That's the case US retailers are trying to make in their collective effort to urge President Trump against imposing sweeping tariffs on imports from China-a move they say will serve to increase consumer prices.
Many worry that if Trump follows through with these proposed tariffs, China might retaliate, triggering a trade war that could have drastic effects on the US economy. Trump justified the tariffs by invoking Section 232 of a 1960s trade law, which allows the president to unilaterally impose sanctions if imports are found to be a threat to national security.
China, the largest source of the trade imbalance, would likely respond to any tariffs by retaliating with higher import taxes on US goods, among other possible restrictions.
The Trump administration "should not respond to unfair Chinese practices and policies by imposing tariffs or other measures that will harm United States companies, workers, farmers, ranchers, consumers, and investors".
But even if these are granted, companies could be forced to pay higher costs due to tariffs on their imported products for up to three months.
And that has the retail industry extremely concerned.
Lawmakers on Capitol Hill, who have largely been shut out of administration deliberations, fear tariffs would stunt economic benefits in the USA that could be stemming from the GOP tax cuts. According to a policy brief released by the Trade Partnership, a Washington-based pro-trade think tank, Trump's tariffs will wipe out about 179,000 jobs-including an estimated 28,000 jobs in the construction industry.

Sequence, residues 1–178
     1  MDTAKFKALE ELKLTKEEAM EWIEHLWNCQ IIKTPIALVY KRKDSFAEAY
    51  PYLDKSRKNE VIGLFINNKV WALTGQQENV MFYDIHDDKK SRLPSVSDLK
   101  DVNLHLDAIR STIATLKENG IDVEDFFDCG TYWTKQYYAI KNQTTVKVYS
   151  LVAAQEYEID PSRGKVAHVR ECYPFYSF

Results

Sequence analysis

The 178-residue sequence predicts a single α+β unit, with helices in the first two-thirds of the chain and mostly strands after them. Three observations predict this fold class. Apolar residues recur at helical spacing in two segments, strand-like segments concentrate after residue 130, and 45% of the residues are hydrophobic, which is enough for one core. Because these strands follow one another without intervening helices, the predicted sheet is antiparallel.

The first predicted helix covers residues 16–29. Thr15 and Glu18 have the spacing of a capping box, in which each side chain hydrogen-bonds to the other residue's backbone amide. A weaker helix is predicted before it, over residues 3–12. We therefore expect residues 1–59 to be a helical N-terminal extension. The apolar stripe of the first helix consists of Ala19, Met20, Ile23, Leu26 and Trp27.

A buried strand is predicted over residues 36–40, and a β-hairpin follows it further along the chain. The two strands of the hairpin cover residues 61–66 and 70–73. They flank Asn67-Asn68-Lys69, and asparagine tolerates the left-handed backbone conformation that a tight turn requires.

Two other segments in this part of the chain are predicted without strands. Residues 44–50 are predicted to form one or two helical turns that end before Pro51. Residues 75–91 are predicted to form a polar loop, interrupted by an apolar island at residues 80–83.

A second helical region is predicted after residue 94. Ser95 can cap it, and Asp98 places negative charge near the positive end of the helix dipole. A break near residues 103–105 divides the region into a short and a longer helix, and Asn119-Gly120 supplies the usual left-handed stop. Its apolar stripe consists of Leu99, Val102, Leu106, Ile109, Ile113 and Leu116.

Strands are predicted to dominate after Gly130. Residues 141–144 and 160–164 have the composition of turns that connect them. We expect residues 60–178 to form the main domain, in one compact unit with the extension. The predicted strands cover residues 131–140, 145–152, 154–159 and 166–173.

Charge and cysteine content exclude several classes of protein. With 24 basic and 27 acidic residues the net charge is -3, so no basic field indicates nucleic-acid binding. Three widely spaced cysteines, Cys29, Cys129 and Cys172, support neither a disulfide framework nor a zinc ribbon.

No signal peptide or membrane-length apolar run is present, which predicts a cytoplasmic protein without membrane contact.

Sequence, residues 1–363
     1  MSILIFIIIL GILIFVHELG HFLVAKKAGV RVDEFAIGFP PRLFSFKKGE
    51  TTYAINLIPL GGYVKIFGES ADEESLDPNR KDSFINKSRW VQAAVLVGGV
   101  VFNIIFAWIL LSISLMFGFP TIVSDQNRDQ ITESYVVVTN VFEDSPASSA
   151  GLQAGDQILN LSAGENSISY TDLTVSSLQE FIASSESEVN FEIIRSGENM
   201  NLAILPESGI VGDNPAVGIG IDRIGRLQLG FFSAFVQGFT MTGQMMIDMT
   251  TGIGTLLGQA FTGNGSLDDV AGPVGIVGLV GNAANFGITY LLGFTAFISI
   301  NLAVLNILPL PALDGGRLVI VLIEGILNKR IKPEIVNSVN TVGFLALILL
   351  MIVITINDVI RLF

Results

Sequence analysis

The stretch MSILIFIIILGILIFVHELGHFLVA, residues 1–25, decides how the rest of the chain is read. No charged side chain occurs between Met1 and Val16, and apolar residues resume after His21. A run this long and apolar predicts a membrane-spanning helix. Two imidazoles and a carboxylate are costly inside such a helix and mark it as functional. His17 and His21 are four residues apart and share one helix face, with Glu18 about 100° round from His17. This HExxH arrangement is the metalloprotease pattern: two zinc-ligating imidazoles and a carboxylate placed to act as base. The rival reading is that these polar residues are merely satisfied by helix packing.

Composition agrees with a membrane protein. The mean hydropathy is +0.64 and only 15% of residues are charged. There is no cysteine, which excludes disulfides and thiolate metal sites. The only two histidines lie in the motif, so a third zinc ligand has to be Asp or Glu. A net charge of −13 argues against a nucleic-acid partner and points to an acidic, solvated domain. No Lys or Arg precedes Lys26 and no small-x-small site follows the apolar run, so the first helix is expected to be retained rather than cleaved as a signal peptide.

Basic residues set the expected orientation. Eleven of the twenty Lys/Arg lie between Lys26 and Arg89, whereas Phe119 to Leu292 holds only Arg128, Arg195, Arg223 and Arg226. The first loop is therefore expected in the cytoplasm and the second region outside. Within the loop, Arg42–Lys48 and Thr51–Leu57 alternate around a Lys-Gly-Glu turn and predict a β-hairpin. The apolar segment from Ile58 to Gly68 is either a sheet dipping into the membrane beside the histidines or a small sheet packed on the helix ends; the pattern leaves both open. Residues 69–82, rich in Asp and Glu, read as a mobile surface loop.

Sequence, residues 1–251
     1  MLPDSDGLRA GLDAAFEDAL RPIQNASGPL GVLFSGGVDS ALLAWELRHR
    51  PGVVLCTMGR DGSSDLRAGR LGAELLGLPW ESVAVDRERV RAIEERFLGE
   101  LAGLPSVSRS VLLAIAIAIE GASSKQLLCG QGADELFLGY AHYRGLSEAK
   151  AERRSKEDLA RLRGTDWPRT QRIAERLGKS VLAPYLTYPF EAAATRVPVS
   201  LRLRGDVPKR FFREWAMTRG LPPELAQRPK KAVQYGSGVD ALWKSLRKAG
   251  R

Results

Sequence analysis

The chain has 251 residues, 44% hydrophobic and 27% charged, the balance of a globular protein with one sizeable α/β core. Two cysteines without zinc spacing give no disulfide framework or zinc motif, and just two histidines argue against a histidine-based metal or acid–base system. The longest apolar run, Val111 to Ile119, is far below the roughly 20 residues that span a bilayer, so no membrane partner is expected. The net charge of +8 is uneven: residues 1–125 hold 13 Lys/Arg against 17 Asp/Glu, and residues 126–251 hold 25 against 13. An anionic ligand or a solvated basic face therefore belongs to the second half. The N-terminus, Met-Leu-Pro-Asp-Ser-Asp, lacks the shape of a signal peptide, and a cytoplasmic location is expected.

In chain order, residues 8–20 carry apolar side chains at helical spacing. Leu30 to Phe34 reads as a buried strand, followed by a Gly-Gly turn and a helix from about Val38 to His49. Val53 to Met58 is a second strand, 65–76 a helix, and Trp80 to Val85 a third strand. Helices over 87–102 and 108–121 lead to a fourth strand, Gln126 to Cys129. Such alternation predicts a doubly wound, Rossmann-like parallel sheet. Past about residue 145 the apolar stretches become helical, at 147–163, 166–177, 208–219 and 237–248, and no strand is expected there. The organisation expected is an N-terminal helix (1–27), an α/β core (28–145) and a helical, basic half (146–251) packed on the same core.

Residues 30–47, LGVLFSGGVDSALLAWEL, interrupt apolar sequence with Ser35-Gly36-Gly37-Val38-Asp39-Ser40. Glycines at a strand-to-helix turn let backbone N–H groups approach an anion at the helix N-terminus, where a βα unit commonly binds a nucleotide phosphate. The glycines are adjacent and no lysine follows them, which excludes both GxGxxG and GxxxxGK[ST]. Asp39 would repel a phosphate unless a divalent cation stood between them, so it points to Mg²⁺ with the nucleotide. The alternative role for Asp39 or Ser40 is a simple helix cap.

On Monday, US retailers voiced concern that Trump's plan for tariffs on Chinese goods will result in higher consumer prices. The U.S. already levies the highest tariff on consumer goods (as high as 32 percent on basic clothes and 67 percent on shoes) among all categories of products. But if he follows through with these tariffs, he'd be the first to ensure there are real consequences for these violations. These new tariffs could weaken the recent consolidation of Harley Davidson production from Kansas City, Mo.to York, Pa., as 450 new positions have just been announced at the York facility. To apply the tariff on those imports seems a "trifle odd". "I'm sure the president doesn't want to raise the prices of those and send Apple's stock into the toilet". He has also been clear that any potential trade wars these actions might stir up, could be easily won.
The Trump administration is pressing countries to ally with the United States in pushing back against Chinese trade policies in exchange for relief from American tariffs on steel and aluminium, according to a European official.
"Given the price sensitive of our products, any additional increases in our costs would strike right at the heart of our ability to keep product competitively prices for our consumers", the letter went on. "We can not allow this to happen as it has for many years!"
Still, Trump's approach to China has been uneven.
"As you continue to investigate harmful technology and intellectual property practices, we ask that any remedy carefully consider the impact on consumer prices", the letter stated.
And those focused on the footwear sector, in particular, have their own suggestions.
The letter ends with comments on working with the Government on a pro-growth agenda "that benefits hard working American families".
The Trump administration is said to be preparing tariffs against Chinese information technology, telecommunications and consumer products in an attempt to force changes in Beijing's intellectual property and investment practices.